First, the new July stats & then the weekly data.
Phoenix Real Estate
According to the local MLS, from June to July, the median price of all homes sold in metro Phoenix went up 3% from $305,000 to $315,000. And according to the Cromford Report, the median price of single-family homes sold went up 3%, from $325,000 to $336,000.
Cruel Summer (for Phoenix Home Buyers). I’m reluctant to say this but the numbers seem to be saying we’re in a mania. Look what happened to prices (green line) when the inventory of houses for sale (red line) hit these levels in 2004. To make matters worse, the population of metro Phoenix is about 40% higher today than in 2004 so inventory is really more like late 2004. That was right before house prices escaped earth’s orbit. I can’t imagine that happening again… but then again, I didn’t expect it to happen back then either.
Autumn. I do EXPECT the market to be slightly less crazy a month from now as we enter the slower autumn market.
2021. Unless a lot more homeowners start selling this fall, the high season next January-June will be nuts. By next year, however, I expect many eviction moratoriums will have run out and most mortgage forbearance programs will be over or winding down. But whatever impact ending those programs will have on the market, some of it won’t be felt until many months later.
Mortgage Rates. I feel confident that mortgage rates will remain crazy low for many, many months. Did “Lower for Longer” become “Lower Forever”?
Roving Bands of Loan Officers? Next year, after everyone has already refinanced, will we see roving bands of mortgage loan officers crisscrossing the countryside selling some new and amazing mortgages like they did in 2005-2007 after home sales peaked? Remember those amazing, new Pick-A-Pay mortgages?
If you have any ideas why, please leave a comment at the bottom of this post. Thanks!
For U.S. real estate market analysis,
go to Real Estate Decoded.
The Weekly Data
Still in Phase 3 (Flat – Not Worse, Not Better) of the Covid-19 real estate market. I expect the number of houses hitting the market to remain a bit higher than last year and the number of sales to be similar to last year for the next couple of months or longer.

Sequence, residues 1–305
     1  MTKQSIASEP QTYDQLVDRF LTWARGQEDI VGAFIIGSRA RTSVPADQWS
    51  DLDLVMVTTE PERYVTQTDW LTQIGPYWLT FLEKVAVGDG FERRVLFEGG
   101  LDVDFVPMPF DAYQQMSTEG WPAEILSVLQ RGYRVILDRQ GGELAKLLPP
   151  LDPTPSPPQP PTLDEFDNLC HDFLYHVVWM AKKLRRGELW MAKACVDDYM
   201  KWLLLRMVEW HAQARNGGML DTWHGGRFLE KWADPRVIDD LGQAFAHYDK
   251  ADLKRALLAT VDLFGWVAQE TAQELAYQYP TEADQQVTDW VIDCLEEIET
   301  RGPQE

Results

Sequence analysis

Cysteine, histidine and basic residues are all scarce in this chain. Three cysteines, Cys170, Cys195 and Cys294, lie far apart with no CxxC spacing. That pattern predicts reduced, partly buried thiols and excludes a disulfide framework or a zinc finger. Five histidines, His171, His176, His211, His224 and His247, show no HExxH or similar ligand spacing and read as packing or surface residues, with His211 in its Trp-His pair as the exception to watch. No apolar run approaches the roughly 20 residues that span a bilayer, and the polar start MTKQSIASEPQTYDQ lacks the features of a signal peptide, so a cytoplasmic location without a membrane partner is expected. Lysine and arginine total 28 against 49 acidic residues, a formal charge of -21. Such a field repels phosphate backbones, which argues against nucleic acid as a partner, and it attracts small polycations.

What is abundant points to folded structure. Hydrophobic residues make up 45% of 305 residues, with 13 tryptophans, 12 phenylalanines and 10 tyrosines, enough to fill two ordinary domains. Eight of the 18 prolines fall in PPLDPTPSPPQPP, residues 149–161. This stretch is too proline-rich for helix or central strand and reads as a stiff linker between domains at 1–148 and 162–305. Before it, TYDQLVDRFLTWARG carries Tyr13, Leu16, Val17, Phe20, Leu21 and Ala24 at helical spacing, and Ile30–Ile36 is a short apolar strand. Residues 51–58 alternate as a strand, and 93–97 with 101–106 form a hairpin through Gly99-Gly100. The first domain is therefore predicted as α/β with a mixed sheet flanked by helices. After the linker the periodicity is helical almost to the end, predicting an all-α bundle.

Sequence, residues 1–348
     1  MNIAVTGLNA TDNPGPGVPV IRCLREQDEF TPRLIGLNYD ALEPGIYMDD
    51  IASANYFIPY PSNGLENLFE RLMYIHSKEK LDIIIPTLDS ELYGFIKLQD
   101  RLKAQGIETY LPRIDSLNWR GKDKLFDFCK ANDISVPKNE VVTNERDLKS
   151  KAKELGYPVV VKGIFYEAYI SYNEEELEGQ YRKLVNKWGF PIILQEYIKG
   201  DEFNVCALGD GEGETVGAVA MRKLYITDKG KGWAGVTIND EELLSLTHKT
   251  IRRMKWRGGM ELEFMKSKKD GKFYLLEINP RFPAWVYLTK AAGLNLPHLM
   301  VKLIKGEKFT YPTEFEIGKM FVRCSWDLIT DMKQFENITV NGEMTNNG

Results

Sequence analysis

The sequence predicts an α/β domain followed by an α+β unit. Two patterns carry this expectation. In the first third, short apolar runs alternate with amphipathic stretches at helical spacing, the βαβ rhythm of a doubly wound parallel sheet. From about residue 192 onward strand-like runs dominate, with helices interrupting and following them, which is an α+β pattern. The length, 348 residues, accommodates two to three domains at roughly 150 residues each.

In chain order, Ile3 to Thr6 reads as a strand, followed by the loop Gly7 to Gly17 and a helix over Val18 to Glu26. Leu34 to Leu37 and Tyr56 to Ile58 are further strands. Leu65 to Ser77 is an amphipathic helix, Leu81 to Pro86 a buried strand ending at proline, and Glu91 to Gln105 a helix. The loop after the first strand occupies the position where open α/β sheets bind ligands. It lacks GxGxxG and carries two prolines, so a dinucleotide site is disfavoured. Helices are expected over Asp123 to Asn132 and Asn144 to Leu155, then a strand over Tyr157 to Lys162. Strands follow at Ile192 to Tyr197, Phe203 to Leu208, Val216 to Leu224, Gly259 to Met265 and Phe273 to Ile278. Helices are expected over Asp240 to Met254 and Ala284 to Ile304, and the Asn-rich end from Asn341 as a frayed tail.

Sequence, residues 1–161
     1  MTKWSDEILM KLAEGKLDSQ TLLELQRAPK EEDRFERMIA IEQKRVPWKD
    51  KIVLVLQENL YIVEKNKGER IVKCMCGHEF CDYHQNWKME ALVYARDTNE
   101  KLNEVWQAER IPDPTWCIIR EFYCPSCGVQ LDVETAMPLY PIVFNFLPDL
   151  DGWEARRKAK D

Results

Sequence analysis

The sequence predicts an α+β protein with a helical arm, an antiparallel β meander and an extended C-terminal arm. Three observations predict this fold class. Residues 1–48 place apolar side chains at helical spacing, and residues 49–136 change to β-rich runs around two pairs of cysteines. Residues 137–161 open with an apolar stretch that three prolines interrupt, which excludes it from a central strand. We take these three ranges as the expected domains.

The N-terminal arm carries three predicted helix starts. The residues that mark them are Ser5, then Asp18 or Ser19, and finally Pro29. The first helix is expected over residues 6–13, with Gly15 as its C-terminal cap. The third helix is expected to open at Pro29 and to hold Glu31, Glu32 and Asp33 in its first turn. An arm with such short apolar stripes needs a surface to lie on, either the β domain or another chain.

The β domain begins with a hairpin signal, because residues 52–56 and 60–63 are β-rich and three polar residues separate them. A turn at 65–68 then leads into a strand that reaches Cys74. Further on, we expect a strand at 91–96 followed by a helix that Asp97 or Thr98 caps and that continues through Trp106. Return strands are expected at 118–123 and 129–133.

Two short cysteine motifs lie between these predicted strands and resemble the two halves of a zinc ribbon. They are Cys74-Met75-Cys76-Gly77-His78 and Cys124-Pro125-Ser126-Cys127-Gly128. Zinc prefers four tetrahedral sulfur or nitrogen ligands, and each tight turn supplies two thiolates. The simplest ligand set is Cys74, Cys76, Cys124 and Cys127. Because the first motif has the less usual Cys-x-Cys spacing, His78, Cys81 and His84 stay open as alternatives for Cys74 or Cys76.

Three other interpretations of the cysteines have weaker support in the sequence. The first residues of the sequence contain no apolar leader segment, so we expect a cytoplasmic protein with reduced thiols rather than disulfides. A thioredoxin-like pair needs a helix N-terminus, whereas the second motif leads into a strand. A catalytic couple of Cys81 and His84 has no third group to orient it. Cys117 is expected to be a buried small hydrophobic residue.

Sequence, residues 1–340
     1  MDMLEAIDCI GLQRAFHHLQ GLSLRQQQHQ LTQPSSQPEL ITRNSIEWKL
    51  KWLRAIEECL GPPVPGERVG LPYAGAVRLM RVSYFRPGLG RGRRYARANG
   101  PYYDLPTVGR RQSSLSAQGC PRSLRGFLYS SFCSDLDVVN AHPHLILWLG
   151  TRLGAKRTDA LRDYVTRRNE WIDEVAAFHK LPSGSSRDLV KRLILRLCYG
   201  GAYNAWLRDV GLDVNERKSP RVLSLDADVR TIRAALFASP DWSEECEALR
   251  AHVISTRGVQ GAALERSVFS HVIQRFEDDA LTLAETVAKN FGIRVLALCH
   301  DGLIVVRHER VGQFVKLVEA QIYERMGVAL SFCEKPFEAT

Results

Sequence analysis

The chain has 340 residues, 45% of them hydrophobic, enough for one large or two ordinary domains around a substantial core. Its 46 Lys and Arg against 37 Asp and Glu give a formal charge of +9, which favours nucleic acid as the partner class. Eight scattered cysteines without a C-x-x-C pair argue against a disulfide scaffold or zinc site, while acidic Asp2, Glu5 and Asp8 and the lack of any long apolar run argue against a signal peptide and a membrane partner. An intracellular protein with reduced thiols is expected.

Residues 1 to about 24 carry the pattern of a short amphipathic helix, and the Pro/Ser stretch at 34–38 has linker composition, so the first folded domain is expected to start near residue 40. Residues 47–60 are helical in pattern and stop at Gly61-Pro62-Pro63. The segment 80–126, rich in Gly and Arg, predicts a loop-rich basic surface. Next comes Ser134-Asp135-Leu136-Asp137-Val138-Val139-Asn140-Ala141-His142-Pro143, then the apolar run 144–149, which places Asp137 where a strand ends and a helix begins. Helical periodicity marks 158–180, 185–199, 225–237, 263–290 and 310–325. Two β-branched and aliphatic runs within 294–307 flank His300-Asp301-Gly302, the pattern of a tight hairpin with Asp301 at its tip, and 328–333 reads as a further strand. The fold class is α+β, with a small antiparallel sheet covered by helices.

New Listings. The number of houses hitting the market has been running above 2019 since early July. (FYI, the latest week is always revised up.)
For Sale. Almost HALF of 2019 and has been that way for 2 months.
Under Contract. Still running high.
Solds. But the number of houses sold isn’t running high. Solds are similar to 2019 at this time.
I can’t figure out why solds aren’t higher given the high number of houses under-contract (compared to 2019). It may just be that the mortgage and title companies are so overwhelmed with business that it’s taking them longer to process all the files.
Tell me in the “Comments” what you think.
This information can vary a lot in different parts of metro Phoenix. Your real estate agent can find the data for your specific city or zip code at The Cromford Report.
Note. This post was written on August 23, 2020 but the graphs in this post will be continually updated.
4 Responses to Cruel Summer for Phoenix Home Buyers (Apologies to Bananarama)
I think with Covid and low mortgage rates few will be selling. Who is going to buy a bigger house when they could lose their job. It’s easier to refinance to a better rate and just put in a pool. Seems to be a trend I’m seeing with my friends. In November 04 prices went up before the big explosion of prices in 05. I wonder if prices go up when they should be flat if this will tell us when we’re close to seeing a peak?
I’m pretty sure this is caused by the low interest rates. I just signed a contract on a house that will be built. My interest rate will likely be less than 3%. The cost of buying (interest, taxes, insurance, HOA, and maintenance) is still less than the cost of renting because of the interest rate. Don’t get me wrong, this can easily go awry. For instance, I thought for sure that the private market would push mortgage rates up regardless of the Federal Reserve’s actions, but that has not happened.
Congratulations on the house! I think a lot of the benefit of lower rates goes to buyers like you who buy in the first months after rate fall. As time goes on (it takes up to 3 years) the lower rates are converted into higher home prices so later buyers don’t benefit from the fall in rates 2 or 3 years earlier.
For years, it seemed like there was a dumpster on most blocks in my neighborhood. Maybe people, like you suggest, are remodeling instead of moving. And to your point about lower interest rates, while lower rates make it cheaper to buy a better house, it also makes refinancing & remodeling more attractive, too.
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